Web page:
Glucagon-Like Peptide 1 (GLP-1) helps regulate your appetite, especially after eating. It also helps enhance the production of insulin. GLP-1 is produced in the gut. The cells in the small intestine are the main source of GLP-1. The pancreas and nervous system also produce GLP-1, but in smaller amounts. GLP-1 helps you feel full during and between meals by working with the brain and by slowly emptying the stomach.
Eating food helps stimulate your body to release GLP-1. The hormone can be found as soon as 10 minutes after eating. GLP-1 stays in your body hours after eating and circulates in the blood.
Cases of in which patients have too much GLP-1 are extremely rare. However, medications have been created that act similar to GLP-1 in blood circulation to help control glucose in patients with type 2 diabetes. GLP-1 levels may also increase after bariatric surgery.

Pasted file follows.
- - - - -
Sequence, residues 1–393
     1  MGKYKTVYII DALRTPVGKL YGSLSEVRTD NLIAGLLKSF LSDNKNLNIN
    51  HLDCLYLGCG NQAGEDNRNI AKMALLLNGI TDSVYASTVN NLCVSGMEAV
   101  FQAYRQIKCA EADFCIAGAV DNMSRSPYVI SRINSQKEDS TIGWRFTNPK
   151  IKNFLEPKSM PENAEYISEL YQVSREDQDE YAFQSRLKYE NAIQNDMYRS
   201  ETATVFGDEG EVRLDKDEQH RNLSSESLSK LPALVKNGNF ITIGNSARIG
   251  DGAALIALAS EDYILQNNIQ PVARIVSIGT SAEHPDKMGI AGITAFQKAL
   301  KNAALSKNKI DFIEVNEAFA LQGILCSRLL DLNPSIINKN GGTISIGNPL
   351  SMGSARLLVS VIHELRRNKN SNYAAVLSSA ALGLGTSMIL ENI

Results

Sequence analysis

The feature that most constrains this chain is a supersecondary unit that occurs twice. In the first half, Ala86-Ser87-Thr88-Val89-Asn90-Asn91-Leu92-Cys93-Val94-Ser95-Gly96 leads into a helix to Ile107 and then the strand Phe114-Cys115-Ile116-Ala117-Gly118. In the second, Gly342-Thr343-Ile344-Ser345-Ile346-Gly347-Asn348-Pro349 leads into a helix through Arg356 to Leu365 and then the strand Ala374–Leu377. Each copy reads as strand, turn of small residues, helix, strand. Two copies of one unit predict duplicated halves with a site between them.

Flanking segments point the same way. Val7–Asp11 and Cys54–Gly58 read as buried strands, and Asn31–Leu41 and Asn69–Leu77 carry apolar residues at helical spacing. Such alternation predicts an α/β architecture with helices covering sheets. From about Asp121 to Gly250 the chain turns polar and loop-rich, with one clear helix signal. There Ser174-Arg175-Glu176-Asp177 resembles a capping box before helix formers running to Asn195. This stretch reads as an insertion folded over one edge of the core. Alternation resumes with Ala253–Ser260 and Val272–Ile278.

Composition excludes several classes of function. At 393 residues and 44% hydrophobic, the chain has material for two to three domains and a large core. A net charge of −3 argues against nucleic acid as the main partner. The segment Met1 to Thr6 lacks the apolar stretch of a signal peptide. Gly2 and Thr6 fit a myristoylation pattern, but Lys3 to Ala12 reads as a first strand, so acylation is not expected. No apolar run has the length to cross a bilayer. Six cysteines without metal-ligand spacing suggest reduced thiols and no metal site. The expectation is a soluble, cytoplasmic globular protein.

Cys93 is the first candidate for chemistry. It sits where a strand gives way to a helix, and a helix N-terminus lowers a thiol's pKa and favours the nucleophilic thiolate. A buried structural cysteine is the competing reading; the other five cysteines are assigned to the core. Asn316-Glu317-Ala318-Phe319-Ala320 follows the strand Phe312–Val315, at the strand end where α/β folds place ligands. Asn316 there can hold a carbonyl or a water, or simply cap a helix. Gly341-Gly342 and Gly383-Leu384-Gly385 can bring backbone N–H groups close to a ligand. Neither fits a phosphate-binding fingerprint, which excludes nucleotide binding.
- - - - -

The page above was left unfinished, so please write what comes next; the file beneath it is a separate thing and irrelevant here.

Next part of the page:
If your body does not produce enough GLP-1, it may increase the odds of becoming obese. The main role of GLP-1 is to regulate your appetite after a meal. If your body isn’t releasing enough of this hormone, you may find yourself overeating or snacking between meals. However more research is needed to confirm this. People who are dieting or losing weight naturally may also experience low GLP-1 levels.
If you are dieting and trying to control your weight, understanding the role of GLP-1 may help. Consider asking your doctor:
You may know that GLP-1 agonists are used to treat type 2 diabetes, provides cardiovascular benefits, and lowers the risk for heart disease. But do you know how GLP-1 receptor agonists affect organs and tissues? Learn more or refresh your memory by playing this classic game of Operation!
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